I switched from guitar amps to more sonically transparent keyboard amps decades ago. A bunch of hand-built effects provided my sound, and there were many advantages with a flat-frequency-response system. I could plug into any mixer, recorder, or PA system, and the sound would be as expected. I eventually switched over to small PA systems, and, now, with the advent of amp-modeling hardware and software, more guitarists are also going with FRFR (Full Range, Flat Response) solutions.
Granted, amps provide a unique tonal character. But a multieffects, modeling hardware box, or laptop running amp sim software provides a lot more options than using an amp. And, for many guitar players, as long as big speakers are moving air and the tone is spot-on, there aren’t a lot of reasons to deal with amps any more.
The amplification system is the easiest part. Powered speakers from companies such as Bose, Cerwin-Vega, Electro-Voice, Line 6, Mackie, PreSonus, QSC, and Yamaha are efficient, compact, and clean. You’ll usually find several inputs (but rarely hi-Z guitar inputs— mic or line only), and, possibly, some basic processors such as EQ and reverb.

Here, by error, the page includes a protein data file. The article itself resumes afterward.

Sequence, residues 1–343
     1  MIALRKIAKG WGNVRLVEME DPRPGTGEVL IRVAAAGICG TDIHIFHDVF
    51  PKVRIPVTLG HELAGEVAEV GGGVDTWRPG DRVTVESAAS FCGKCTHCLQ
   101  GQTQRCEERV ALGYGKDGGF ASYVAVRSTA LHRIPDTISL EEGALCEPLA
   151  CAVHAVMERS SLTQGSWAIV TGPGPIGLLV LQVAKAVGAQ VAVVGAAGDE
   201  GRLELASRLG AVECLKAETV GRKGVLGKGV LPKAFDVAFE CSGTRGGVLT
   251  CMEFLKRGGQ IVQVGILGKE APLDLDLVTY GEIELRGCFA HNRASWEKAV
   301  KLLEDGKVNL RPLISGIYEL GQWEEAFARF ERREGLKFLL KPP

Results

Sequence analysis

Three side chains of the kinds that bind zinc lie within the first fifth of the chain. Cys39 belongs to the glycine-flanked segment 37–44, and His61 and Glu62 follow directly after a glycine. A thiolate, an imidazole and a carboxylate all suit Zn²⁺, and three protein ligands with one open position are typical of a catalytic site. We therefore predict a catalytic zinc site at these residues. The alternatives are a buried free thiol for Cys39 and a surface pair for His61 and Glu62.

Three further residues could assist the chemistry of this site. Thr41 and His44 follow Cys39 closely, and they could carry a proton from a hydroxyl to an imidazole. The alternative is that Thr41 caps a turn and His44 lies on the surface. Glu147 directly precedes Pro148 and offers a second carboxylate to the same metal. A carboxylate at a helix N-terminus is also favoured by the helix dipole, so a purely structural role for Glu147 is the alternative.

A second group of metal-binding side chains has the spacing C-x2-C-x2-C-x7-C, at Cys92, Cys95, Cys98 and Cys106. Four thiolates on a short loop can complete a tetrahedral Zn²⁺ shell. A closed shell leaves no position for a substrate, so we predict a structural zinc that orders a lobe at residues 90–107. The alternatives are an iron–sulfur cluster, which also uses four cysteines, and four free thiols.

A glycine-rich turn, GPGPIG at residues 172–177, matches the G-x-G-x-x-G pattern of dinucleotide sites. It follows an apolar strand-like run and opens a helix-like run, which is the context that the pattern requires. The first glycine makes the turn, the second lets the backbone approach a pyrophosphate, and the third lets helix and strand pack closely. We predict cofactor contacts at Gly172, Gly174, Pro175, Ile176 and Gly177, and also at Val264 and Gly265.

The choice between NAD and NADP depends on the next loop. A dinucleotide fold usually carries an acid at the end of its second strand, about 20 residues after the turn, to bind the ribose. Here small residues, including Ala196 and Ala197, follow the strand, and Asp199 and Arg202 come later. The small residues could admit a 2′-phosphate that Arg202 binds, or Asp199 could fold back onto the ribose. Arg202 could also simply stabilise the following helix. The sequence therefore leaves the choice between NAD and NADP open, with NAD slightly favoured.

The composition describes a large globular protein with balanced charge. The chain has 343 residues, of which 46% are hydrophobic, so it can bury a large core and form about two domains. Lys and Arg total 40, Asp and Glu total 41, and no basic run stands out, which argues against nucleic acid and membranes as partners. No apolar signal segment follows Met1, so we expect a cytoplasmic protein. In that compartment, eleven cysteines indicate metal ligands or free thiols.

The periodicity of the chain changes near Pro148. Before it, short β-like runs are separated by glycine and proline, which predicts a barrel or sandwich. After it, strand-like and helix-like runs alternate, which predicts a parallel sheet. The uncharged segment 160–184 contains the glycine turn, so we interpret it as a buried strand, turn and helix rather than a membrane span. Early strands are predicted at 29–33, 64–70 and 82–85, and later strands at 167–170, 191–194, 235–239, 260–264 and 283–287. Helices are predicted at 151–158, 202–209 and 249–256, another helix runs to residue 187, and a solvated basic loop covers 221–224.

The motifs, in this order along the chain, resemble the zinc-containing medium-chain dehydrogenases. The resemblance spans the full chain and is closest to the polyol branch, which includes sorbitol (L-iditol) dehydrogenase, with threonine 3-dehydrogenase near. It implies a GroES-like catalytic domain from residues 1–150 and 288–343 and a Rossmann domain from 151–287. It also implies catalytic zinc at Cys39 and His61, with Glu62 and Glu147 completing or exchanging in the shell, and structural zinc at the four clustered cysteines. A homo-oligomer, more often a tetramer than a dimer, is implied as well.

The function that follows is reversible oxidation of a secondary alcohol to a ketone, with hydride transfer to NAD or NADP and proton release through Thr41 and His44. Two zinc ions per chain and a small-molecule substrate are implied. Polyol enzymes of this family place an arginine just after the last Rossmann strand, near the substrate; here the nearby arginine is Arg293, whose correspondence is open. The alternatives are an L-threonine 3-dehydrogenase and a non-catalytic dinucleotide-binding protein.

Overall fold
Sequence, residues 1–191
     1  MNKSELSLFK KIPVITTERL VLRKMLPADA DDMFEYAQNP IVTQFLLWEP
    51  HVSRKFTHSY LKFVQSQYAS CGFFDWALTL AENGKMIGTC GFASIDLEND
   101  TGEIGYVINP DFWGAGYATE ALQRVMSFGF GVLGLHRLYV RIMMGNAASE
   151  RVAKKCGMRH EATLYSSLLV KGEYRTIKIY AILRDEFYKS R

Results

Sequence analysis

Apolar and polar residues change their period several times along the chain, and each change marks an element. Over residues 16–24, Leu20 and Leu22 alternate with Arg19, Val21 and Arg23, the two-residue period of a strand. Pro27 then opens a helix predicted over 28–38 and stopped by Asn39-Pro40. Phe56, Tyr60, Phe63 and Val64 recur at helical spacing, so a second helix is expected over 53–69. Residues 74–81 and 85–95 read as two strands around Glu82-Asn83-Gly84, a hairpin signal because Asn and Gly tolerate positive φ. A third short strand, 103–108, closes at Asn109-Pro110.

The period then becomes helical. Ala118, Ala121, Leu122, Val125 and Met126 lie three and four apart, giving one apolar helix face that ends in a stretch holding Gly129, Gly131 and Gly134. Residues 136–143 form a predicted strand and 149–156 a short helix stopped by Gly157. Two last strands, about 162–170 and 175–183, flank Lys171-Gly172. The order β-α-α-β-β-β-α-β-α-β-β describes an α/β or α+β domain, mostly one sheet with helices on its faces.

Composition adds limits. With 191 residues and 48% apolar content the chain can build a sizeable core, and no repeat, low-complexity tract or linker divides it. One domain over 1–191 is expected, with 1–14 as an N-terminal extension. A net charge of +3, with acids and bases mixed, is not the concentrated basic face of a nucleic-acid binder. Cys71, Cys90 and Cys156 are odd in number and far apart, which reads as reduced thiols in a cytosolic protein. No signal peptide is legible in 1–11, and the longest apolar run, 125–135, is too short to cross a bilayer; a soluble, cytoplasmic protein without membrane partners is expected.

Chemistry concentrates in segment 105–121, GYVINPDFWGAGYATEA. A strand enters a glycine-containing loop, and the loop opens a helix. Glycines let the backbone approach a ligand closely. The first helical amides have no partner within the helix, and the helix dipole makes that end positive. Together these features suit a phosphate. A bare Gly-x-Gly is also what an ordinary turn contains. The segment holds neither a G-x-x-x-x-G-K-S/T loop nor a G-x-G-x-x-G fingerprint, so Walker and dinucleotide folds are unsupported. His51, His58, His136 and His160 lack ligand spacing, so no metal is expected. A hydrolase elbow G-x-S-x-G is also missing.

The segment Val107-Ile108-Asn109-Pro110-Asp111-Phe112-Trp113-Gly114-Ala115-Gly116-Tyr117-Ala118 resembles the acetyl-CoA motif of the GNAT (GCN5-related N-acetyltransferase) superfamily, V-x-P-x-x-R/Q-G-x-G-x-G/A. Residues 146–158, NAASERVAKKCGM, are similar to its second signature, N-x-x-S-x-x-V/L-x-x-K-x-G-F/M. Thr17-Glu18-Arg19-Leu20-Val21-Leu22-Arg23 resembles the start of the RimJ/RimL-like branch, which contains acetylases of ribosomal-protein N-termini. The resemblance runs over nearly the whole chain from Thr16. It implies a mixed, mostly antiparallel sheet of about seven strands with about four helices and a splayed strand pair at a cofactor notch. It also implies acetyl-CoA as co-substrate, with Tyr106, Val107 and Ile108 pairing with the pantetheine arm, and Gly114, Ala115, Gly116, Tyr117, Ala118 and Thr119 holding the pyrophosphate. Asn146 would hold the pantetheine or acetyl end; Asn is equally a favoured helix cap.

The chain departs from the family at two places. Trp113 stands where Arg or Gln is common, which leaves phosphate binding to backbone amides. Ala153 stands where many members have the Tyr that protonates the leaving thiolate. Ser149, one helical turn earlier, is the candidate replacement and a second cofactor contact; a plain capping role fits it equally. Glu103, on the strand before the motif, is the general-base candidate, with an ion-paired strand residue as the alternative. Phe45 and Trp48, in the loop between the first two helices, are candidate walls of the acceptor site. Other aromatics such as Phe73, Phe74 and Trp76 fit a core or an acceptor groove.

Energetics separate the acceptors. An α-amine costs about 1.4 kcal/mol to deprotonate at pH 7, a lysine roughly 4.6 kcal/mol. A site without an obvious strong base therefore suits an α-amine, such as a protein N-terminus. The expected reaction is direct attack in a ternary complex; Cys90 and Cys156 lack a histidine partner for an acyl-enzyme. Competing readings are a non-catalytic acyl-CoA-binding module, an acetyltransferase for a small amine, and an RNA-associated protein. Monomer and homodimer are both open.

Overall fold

A major advantage compared to amps is you can mount powered speakers on poles for better projection, as well as feed multiple speakers (if desired or needed) for better dispersion throughout a room. One potential drawback is that the high-frequency response can be too much for distorted guitar (amp cabinets don’t put out much above upper midrange frequencies). Fortunately, you can often trim the highs at the powered speaker itself, or within the processors driving them.
Multieffects Box or Computer?
Multieffect boxes from Digi-Tech, Line 6, Vox, Roland, and others—as well as less traditional boxes such as the Kemper Profiling Amp or Fractal’s AxeFX— are convenient, built for the road, tend to have extremely low latency, and can provide a range of sounds. Typically, they also have footswitches and pedals, obviating the need to add those to your system.
Computers are more of a “some assembly required” situation, as you need a computer, software, and an audio interface to link the guitar, computer, and amp. There’s also the issue of latency—although even inexpensive laptops can achieve latency in the sub-10ms range, which is adequate for most players. Nor do you necessarily need a computer, because many tablet and smartphone apps can do the job in basic live situations. However, if you want footswitch or pedal control, that adds another element to your setup.
Making the Switch
If you decide to go FRFR, you’ll need to learn how to tweak your software and effects. You’re probably used to a certain tone from your amp, and it’s unlikely whoever came up with your processor’s presets has the same taste as you (or plays the same guitar). But once you tweak and assemble your collection of sounds with an FRFR setup, you’re set for any FRFR situation—in the studio or live.
Craig Anderton has played on or produced more than 20 major label releases, mastered hundreds of tracks, and written dozens of books. Check out some of his latest music at youtube.com/thecraiganderton.